Heard on the Street: Procurement as a civil rights issue, regeneration on Chicago’s South Side, and how neighborhoods really change

By April 29, 2019 Heard on the Street

Heard on the Street – here’s what we were reading last week:

Why Public Procurement Is a Civil Rights Issue: Even if discrimination against minority-owned firms is now outlawed, the playing field for government contracts remains tilted toward those already on vendor lists or with prior track records of working with government. Without affirmative action, prior racism would remain baked into public procurement spending.

LendingClub to refer small businesses to Funding Circle: LENDINGCLUB is planning to stop lending to small businesses and will instead refer prospective borrowers to Funding Circle US and Opportunity Fund. The US peer-to-peer lending giant, whose core business is personal finance, said it provided loans to a “small fraction” of 14 million business applicants last year.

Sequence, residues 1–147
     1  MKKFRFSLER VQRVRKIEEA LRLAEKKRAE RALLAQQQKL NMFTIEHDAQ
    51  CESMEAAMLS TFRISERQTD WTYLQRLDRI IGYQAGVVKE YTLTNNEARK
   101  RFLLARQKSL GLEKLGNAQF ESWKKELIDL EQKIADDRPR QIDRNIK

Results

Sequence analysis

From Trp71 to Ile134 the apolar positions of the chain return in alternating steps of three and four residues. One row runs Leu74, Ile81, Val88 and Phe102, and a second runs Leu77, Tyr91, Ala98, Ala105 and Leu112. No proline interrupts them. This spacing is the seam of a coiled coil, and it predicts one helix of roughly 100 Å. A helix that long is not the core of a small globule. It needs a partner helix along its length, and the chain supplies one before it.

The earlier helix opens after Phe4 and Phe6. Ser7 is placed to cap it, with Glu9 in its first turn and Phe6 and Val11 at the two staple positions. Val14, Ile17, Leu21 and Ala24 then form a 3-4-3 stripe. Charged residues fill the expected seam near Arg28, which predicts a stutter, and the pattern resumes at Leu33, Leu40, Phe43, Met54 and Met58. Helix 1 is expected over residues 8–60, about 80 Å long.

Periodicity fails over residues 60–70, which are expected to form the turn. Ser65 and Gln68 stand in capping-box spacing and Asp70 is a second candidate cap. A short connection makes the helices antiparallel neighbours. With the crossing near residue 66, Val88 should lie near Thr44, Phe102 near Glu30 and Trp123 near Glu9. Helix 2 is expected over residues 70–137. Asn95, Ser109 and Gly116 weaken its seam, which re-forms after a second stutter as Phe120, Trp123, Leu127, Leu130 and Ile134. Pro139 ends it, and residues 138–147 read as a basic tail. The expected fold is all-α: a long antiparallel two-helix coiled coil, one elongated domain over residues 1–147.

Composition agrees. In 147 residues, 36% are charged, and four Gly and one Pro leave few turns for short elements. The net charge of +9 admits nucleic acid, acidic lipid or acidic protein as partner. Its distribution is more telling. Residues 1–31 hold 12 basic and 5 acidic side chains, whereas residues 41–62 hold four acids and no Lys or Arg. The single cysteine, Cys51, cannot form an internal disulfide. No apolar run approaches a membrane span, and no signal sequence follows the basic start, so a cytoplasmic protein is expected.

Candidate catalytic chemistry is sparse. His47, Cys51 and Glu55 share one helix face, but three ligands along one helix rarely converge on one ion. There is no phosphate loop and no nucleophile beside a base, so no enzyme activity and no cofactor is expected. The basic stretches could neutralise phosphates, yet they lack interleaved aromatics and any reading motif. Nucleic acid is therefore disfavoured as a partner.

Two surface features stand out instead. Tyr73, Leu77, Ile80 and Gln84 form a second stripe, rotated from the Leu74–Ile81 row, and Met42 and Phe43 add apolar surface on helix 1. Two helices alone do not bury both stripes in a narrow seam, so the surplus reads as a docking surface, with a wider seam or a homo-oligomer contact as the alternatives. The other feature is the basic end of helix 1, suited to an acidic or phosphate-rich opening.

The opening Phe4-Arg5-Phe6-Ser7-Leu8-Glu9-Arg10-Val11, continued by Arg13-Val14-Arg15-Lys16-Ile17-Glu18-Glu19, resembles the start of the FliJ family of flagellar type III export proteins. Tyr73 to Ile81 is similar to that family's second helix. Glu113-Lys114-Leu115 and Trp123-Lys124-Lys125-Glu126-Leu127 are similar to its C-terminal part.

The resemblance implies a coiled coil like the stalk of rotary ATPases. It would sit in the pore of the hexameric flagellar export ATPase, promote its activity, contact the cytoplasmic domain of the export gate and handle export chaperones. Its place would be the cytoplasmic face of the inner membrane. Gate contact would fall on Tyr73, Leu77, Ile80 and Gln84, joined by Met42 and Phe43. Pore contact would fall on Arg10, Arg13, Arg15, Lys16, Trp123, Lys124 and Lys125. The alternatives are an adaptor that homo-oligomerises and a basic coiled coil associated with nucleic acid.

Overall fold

Developer Wants Obama Presidential Center to Spur South Side Regeneration: South Side resident and developer Ghian Foreman wants to ensure that the Obama Presidential Center spurs regeneration in the neighborhoods that surround Jackson Park. Earlier this month, Foreman was named as the first CEO of the Emerald South Economic Development Collaborative, which aims to foster investment and development that benefits all residents and business owners on the South Side – but especially in Woodlawn, Washington Park and South Shore.

From Gentrification to Decline: How Neighborhoods Really Change: A new report and accompanying map finds extreme gentrification in a few cities, but the dominant trend—particularly in the suburbs—is the concentration of low-income population.